Book Image

Azure Integration Guide for Business

By : Joshua Garverick, Jack Lee, Mélony Qin, Trevoir Williams
Book Image

Azure Integration Guide for Business

By: Joshua Garverick, Jack Lee, Mélony Qin, Trevoir Williams

Overview of this book

Azure Integration Guide for Business is essential for decision makers planning to transform their business with Microsoft Azure. The Microsoft Azure cloud platform can improve the availability, scalability, and cost-efficiency of any business. The guidance in this book will help decision makers gain valuable insights into proactively managing their applications and infrastructure. You'll learn to apply best practices in Azure Virtual Network and Azure Storage design, ensuring an efficient and secure cloud infrastructure. You'll also discover how to automate Azure through Infrastructure as Code (IaC) and leverage various Azure services to support OLTP applications. Next, you’ll explore how to implement Azure offerings for event-driven architectural solutions and serverless applications. Additionally, you’ll gain in-depth knowledge on how to develop an automated, secure, and scalable solutions. Core elements of the Azure ecosystem will be discussed in the final chapters of the book, such as big data solutions, cost governance, and best practices to help you optimize your business. By the end of this book, you’ll understand what a well-architected Azure solution looks like and how to lead your organization toward a tailored Azure solution that meets your business needs.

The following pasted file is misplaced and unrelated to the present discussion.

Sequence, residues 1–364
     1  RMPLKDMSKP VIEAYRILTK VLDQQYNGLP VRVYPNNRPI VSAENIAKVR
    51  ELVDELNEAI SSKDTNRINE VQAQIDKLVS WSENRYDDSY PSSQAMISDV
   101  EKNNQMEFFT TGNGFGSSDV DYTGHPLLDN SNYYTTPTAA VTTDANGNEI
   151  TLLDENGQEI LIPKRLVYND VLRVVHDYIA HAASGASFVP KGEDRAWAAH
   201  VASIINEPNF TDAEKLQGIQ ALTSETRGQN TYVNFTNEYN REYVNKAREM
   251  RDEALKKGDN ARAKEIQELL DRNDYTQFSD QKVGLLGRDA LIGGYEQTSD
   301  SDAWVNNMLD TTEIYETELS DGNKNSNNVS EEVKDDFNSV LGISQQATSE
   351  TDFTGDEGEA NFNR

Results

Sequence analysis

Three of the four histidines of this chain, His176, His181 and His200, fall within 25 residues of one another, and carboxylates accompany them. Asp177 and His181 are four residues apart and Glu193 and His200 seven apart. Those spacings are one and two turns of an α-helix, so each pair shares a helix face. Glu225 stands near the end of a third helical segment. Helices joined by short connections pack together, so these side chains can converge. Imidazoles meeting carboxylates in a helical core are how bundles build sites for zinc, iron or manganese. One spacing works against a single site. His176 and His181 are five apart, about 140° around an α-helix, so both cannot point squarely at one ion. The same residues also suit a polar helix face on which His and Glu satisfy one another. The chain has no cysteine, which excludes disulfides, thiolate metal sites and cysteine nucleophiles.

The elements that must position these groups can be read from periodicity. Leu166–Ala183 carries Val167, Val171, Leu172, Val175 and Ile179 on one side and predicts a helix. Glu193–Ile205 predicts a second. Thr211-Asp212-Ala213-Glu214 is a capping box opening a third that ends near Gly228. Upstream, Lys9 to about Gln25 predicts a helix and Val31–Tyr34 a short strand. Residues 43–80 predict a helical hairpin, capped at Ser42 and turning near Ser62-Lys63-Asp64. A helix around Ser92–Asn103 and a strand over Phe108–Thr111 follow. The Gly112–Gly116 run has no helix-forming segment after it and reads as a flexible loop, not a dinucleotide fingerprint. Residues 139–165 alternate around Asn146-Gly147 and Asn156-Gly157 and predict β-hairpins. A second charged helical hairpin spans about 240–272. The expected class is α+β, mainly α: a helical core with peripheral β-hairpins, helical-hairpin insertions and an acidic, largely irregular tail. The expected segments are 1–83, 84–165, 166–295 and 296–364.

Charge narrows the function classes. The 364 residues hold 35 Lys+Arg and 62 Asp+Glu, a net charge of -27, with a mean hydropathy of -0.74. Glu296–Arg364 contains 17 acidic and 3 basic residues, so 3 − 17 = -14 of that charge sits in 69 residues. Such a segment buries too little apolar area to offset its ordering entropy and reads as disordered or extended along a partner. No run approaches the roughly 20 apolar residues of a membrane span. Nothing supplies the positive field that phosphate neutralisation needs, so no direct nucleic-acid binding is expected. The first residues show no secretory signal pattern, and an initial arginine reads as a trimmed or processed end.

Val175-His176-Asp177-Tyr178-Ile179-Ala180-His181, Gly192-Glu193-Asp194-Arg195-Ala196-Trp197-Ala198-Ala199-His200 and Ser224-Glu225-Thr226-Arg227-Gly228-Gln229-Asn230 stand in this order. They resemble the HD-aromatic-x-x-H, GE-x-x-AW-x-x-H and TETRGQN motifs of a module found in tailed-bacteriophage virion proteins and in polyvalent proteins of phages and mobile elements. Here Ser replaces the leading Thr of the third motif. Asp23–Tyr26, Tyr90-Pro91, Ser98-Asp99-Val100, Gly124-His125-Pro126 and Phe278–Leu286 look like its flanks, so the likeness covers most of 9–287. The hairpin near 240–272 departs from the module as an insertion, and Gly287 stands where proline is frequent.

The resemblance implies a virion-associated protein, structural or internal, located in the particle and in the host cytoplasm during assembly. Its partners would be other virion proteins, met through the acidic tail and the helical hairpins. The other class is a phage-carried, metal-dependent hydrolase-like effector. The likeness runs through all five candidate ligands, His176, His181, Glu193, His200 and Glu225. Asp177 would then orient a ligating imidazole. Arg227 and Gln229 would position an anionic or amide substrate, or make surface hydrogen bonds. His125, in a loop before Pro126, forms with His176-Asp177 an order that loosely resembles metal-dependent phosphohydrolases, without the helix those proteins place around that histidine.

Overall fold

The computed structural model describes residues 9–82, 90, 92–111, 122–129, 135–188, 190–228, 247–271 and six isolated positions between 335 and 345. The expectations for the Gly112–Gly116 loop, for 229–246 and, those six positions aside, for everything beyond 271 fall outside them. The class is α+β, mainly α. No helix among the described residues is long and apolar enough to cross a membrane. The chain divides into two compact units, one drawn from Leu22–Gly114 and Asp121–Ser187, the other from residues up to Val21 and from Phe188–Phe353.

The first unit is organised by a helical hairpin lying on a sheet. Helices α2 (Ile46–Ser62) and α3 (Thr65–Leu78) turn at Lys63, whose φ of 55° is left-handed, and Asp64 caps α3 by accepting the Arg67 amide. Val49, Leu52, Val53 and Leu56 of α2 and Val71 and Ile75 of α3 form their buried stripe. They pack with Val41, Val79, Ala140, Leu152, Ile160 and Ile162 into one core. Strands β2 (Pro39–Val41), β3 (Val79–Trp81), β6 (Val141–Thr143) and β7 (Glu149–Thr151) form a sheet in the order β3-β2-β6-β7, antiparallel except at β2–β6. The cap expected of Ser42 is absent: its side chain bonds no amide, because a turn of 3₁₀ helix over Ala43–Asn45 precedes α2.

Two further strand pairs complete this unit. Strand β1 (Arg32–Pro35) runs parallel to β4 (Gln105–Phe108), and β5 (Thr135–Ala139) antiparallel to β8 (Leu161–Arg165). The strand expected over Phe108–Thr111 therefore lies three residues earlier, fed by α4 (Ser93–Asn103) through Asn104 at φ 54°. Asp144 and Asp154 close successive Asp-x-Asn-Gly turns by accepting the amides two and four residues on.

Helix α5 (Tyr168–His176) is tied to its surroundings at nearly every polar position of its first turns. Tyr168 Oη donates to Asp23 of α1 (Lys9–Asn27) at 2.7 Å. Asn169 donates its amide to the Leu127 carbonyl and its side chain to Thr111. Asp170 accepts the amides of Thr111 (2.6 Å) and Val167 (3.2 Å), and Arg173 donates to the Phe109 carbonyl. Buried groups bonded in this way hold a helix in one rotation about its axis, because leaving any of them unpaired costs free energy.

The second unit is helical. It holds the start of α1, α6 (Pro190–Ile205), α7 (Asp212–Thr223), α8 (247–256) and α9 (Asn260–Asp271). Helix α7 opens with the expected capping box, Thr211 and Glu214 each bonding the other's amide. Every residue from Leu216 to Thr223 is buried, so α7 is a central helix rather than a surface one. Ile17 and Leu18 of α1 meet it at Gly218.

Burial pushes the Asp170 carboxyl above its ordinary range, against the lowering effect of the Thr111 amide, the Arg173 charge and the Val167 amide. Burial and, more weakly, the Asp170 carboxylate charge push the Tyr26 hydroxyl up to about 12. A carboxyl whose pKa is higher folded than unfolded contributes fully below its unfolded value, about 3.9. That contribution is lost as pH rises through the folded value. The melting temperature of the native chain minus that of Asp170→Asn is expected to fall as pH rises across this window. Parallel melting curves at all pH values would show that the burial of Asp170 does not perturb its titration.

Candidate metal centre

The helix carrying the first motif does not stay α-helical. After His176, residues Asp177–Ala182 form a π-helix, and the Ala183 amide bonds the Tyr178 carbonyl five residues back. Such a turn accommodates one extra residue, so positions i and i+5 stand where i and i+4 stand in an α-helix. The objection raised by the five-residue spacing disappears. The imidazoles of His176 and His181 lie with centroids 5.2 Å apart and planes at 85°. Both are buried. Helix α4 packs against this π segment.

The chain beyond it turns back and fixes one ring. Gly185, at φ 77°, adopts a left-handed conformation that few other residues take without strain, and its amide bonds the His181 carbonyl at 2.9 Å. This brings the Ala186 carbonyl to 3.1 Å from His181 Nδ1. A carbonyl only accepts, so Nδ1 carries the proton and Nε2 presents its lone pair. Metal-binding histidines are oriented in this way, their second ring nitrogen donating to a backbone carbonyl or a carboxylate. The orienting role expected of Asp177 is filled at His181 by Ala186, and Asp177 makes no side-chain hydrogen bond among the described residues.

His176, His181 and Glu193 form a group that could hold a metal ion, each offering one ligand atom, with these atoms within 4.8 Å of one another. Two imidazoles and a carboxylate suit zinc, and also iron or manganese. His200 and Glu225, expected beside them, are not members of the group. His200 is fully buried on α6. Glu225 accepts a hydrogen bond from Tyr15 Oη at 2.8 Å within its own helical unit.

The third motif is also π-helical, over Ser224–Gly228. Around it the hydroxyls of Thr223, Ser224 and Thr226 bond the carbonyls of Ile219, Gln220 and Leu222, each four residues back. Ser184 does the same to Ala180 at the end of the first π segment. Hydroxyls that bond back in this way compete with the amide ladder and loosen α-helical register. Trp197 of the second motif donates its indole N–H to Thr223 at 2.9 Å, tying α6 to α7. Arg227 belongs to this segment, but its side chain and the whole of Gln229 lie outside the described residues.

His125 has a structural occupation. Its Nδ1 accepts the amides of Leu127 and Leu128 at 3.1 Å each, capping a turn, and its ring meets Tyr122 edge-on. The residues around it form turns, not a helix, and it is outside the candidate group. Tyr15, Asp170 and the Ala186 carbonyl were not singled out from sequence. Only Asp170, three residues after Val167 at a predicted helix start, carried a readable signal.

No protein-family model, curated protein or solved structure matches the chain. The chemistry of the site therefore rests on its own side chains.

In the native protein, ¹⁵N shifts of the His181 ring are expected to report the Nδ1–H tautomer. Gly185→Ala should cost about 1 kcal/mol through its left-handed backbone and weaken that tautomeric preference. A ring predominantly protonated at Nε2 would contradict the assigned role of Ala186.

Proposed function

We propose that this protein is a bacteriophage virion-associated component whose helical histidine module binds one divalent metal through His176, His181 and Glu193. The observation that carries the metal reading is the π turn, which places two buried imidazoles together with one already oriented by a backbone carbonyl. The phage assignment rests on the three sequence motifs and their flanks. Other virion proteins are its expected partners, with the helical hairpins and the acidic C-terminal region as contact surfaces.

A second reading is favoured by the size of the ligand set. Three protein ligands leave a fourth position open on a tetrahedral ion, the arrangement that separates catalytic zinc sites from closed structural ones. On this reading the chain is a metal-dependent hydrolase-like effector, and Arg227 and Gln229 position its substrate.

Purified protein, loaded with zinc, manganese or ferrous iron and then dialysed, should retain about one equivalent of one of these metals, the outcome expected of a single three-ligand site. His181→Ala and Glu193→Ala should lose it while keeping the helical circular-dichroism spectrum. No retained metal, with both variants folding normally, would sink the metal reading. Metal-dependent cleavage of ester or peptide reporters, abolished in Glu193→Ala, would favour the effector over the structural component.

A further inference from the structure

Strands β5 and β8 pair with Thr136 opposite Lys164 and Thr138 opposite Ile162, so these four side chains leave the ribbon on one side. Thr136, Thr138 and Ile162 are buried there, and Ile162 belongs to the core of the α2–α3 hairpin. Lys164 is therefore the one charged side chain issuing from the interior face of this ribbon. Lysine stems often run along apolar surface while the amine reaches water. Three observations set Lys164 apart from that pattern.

Table of Contents (15 chapters)

Understanding containers and Kubernetes

Containerization is an application management approach that involves encapsulating all the necessary dependencies, libraries, and configurations within a lightweight, standalone, and executable software package called a container image. Let‘s take a look at containers in more detail.

Container concepts

Containers are self-contained units that can run consistently across different computing environments. Containerized applications can run on any platform, such as Linux, Windows, or macOS, uniformly without any changes being needed, which makes them highly portable.

Containers provide a way to encapsulate applications, their dependencies, and configurations into a single, portable unit that can be easily deployed and scaled. This helps organizations to be free from getting tied to a single cloud provider and to easily lift and shift their workloads from on-premises to the cloud, or even to move between multiple clouds. This approach...